- Tax deductions are adjusted before tax rate application whereas tax credits are adjusted after due amounts are finalized
Deduction vs. Credit: Which is Better?
Since tax credits offer dollar-for-dollar subtraction amounts, they are generally considered the better tax reduction method. In essence, tax credits directly reduce the sum of taxes you owe whereas tax deductions are dependent on your marginal tax bracket.
Tax Credit Examples:
Child Tax Credit: Depending on your filing status and income bracket, you may be eligible to earn up to $1,000 in tax credits per child. In order to be completely IRS eligible for child tax credit, the child must be claimed as a dependent on your tax return, under the age of 17, and living with you for a certain percentage of the year.
Residential Energy Credit: Being eco-friendly pays off too! Energy tax credits apply for solar panel installation, energy-efficient air-conditioning system installation, and geothermal heat pump installation could earn a generous 30% of installation cost credit.
Advanced Premium Tax Credit: Created to assist those within certain income limits, the advanced premium tax credit helps taxpayers pay pricey health insurance premiums when they purchase coverage through the HealthCare.gov exchange. The value of the tax savings are based on a sliding scale and accounts for household size and marital status in addition to income level.
Lifetime Learning Credit: In order to qualify for the Lifetime Learning credit, you must have made tuition and fee payments to a post-secondary school during the tax year. In fact, you can claim 20% of the first $10,000 paid toward tuition and fees for a $2,000 dollar-for-dollar credit.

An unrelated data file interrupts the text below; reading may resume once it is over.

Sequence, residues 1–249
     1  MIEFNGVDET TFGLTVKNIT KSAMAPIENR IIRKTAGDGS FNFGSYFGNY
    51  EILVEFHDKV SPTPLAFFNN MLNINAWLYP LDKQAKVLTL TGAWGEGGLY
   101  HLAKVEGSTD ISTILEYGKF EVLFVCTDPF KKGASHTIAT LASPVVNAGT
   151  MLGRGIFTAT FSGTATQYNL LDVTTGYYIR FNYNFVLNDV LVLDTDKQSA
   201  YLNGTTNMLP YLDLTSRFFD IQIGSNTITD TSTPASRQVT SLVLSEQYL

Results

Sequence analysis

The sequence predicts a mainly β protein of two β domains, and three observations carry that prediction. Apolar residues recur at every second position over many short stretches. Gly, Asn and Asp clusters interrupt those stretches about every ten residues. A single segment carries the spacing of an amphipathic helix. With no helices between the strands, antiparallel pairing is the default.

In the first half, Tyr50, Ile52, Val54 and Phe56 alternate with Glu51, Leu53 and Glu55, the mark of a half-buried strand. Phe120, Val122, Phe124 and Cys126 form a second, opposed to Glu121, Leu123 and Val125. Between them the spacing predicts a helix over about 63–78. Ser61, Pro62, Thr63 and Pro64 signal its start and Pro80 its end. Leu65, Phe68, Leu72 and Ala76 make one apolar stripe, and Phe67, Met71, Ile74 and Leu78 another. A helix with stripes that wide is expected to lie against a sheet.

Credit for the Elderly or the Disabled: Only applicable for taxpayers over the age of 65 years old or retired on permanent disability with taxable income, credit for the elderly or the disabled come with considerably low income limits, and can be as valuable as $7,500.
Earned Income Tax Credit: Depending on your dependency, marital, and income-level status, an Earned Income tax credit can grant you a dollar-for-dollar credit amount between $519 and $6,431. If your AGI is less than $55,000, this could be the hefty tax break you’re looking for.
Tax Deduction Examples:
Home Mortgage Interest: Yes, there are tax deductions for selling your home! The mortgage interest tax deduction allows homeowners to reduce their taxable income by the amount of mortgage interest you pay— effectively cutting your overall federal income tax.
Investment Interest Expenses: This tax deduction applies to any interest accrued on money borrowed to purchase a property that will generate investment income. This could be interest, annuities, royalties, or dividends.
Charitable Contributions: Donations in many eligible forms qualify as tax deductible from your taxable income. You are able to subtract the value of your charitable gifts from your taxable income to score a sweeter tax break.
Educator Expenses: School teachers, professors, or other eligible educators are able to deduct up to $250 spent on classroom supplies.
Student Loan Interest: Students and former students with student loans that accrue interest are able to deduct up to $2,5000 (depending on bracket) from their taxable income if interest was paid during the tax year.